- Since we’ve been doing this at the start of every meeting for years, we crack through check-ins really effectively nowadays. It may take some practice, but with time you’ll breeze through them, too.
- Sometimes, this might be the first time in our day we’ve actually asked ourselves how we’re doing and what’s on our minds.
- Another option is to use the stoplight system. Each team member can include in the meeting notes whether they’re feeling green (great), yellow (medium), or red (in need of help). Again, present this in the same way you would your number. This also enables each person a minute or two to share why they feel how they feel.
If you don’t have a Snippet set up for your meeting agenda template, this is your cue to create one! If/when you do, why not add a check-in section to your Snippet ready for your next meeting?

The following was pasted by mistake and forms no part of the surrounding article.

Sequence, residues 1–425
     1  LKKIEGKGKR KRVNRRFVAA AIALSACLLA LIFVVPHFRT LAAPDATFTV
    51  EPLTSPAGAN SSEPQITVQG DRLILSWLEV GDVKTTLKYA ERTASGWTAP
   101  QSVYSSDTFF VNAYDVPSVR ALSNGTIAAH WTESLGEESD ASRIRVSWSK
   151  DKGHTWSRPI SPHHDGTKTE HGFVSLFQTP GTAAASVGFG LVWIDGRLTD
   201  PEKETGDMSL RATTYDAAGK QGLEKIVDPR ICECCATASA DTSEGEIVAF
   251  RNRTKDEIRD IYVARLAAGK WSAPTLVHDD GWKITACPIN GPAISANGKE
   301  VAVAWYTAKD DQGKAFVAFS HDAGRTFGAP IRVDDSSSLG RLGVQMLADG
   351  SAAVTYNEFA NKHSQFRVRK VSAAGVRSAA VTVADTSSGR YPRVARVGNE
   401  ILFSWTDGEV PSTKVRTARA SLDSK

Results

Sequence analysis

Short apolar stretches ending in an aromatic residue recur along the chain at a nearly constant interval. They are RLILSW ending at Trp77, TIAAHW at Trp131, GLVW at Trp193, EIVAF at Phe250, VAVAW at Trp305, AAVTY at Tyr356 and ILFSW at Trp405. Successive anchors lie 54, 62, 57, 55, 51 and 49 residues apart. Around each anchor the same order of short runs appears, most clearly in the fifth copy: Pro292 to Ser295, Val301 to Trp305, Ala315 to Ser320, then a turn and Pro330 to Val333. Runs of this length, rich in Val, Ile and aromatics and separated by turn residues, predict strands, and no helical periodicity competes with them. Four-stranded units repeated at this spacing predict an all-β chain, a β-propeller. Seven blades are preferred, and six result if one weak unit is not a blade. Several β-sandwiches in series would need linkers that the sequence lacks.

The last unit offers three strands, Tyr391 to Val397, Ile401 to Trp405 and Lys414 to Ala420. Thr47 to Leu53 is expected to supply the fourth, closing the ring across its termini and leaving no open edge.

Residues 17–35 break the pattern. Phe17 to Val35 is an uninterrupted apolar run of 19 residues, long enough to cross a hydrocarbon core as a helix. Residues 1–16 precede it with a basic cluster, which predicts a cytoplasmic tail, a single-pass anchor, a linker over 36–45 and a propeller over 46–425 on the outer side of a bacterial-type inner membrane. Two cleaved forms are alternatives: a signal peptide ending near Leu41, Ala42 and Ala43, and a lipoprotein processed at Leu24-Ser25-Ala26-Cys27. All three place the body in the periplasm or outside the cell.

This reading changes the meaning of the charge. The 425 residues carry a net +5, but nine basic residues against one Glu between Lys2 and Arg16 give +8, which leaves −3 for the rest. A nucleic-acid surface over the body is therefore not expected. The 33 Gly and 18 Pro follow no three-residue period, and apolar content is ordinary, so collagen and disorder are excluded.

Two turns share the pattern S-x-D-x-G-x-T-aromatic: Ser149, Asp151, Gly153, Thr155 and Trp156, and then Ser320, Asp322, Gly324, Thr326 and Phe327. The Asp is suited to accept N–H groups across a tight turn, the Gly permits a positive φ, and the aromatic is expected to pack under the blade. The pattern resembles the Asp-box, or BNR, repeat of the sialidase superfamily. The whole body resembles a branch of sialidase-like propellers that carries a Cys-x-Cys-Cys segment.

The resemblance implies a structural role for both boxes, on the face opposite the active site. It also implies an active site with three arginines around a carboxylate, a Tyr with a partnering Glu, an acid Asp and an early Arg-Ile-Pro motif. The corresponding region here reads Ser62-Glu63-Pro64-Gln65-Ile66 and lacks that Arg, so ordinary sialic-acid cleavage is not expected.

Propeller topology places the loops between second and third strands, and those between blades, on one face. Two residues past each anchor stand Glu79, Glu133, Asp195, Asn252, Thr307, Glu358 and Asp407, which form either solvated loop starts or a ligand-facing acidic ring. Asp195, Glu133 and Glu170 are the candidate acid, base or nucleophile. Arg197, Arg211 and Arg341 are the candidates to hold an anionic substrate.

The biggest win from our check-in sessions is that we all go into the rest of our day knowing where our colleagues are at emotionally. That can be huge in helping us align our goals and stay on top of supporting each other. If a co-worker is going through a rough time and we have the capacity to help, then we do. It can go a long way in creating ease as a team because we know who to be sensitive to and why, following just one simple exercise.
A check-in helps us to get present and quantify our emotional state
There are so many benefits to getting real with our emotions. When we ask ourselves to quantify our feelings, it can wake us up to the reality of how we feel at the perfect time to ask for help. A check-in is a great opportunity to get quiet with ourselves, be honest about what we feel and seek help from others in a safe environment.